An open-government group is suing the California Public Employees' Retirement System (CalPERS), saying it has failed to disclose records that should be public about benefit recipients.
The Nevada Policy Research Institute, which operates the website Transparent California, filed suit Friday in California Superior Court, accusing the pension system of violating state law by withholding information about the type of benefits retirees receive. Such data, the suit alleges, is necessary to safeguard pension systems from waste, fraud and abuse.
"The problem of disability fraud has plagued California's public pension systems for decades, costing taxpayers untold millions," the group said in a news release. "Yet the fund, which manages over $300 billion in assets and receives nearly $20 billion annually from California taxpayers and public employees, has inexplicably refused to disclose the very information necessary to identify such cases of potential abuse."
Transparent California is the state's largest and most comprehensive public pay and pension database. It collects compensation data under the California Public Records Act and regularly publishes the information for public review. Since its inception, it has published data on more than 2.4 million public employees from at least 2,000 agencies throughout the state.
According to court records, the group requested records in December 2016 that would identify the amount and type of benefits being received by each retiree, as well as other data points.
The pension system provided a report in July 2017 that contained most of the information but repeatedly denied Transparent California's request for records documenting benefit types, such as service, disability and industrial disability. CalPERS said records that show whether a member has retired for disability are confidential and exempt from disclosure, adding that releasing the information would be an unwarranted invasion of privacy, court records show.
Amy Morgan, a CalPERS spokeswoman, said the pension system is declining to comment at this time.
The state's public-records law says access to information about the conduct of government business is a fundamental and necessary right of every person, but not all government information is public. The law offers exemptions for records such as personnel files, police investigative records and medical records. These exceptions should be applied narrowly and be strictly limited, the law states.
The lawsuit argues that CalPERS' argument is moot, since the request seeks the type of retirement benefit, not copies of pensioners' medical records or personnel files. The benefit type also reflects a governmental decision, as opposed to personal details provided by pension members or beneficiaries, and should be disclosed under the state's public records law.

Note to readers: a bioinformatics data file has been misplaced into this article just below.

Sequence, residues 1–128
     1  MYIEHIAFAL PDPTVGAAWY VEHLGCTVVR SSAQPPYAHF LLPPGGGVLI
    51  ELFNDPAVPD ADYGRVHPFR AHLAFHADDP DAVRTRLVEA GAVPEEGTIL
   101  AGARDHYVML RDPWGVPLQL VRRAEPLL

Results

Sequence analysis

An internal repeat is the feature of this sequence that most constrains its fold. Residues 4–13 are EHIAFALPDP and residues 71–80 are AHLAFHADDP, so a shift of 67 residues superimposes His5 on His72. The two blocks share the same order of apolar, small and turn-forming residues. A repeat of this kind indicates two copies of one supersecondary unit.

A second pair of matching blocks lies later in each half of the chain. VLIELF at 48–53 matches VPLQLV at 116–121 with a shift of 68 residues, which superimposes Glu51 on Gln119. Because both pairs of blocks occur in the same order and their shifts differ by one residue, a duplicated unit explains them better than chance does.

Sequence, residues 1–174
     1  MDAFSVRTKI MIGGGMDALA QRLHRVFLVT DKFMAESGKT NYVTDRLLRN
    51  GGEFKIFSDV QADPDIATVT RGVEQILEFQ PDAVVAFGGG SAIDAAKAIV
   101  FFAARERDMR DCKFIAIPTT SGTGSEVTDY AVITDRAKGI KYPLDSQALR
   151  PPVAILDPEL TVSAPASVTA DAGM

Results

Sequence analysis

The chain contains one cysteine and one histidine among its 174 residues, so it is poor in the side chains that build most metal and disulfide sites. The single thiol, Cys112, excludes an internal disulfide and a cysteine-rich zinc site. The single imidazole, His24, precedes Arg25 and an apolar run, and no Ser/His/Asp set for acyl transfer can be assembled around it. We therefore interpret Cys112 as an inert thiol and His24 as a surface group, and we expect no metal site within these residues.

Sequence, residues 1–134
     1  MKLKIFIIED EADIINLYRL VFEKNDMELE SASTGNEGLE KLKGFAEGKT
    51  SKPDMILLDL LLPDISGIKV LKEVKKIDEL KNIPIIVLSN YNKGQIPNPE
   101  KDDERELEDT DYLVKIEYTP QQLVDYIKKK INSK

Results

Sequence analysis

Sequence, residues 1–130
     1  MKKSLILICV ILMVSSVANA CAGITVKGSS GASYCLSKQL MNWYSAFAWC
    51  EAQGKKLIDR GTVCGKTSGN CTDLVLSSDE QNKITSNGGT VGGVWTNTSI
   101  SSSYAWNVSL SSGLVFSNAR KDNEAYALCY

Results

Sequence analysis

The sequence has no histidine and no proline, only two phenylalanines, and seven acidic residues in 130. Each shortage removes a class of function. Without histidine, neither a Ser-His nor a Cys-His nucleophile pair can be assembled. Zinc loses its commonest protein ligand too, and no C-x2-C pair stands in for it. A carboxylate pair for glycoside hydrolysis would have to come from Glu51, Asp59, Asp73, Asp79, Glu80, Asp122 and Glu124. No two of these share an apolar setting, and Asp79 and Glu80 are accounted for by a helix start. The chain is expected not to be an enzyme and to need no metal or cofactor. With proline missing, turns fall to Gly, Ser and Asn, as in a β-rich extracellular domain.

"It's highly unlikely CalPERS actually believes providing the one-word designation of the type of benefit received by its members is equivalent to providing a copy of their medical records," said Transparent California Executive Director Robert Fellner. "Instead, CalPERS is exploiting the lack of any penalties for governments who unlawfully withhold public records, secure in the knowledge that taxpayers will be the ones required to pay all legal fees incurred."
Data show that at least 23 local and state pension systems, including the San Diego County Employees' Retirement Association, the Los Angeles County Pension, the Imperial County Employees Retirement and the California State Teachers' Retirement System, provide benefit type information when requested.
According to the lawsuit, CalPERS already calls on the public to assist in reporting cases of disability fraud. A recent tip to its hotline led to criminal charges, and CalPERS General Counsel Matthew Jacobs touted the incident as a success.
"This case demonstrates the great value of the public's assistance in CalPERS' efforts to protect the state pension system from fraud, waste and abuse," Jacobs said in a November 2016 press release. "Here, a simple voice message to our disability fraud tip line led to a criminal case and the system's eventual recovery of a substantial amount of money. We continue to encourage the public to assist us in this manner."
The Nevada institute behind Transparent California is a nonpartisan think tank that focuses on, among other things, empowering citizens and elected officials with information they need to make informed public policy decisions.
CalPERS is the nation's largest pension fund, serving more than 1.9 million members in the retirement system and 1.4 million members and their families in its health program. Nearly 3,000 employers participate in the retirement program, and its public employees retirement fund pays out an annual $21.4 billion in benefits.
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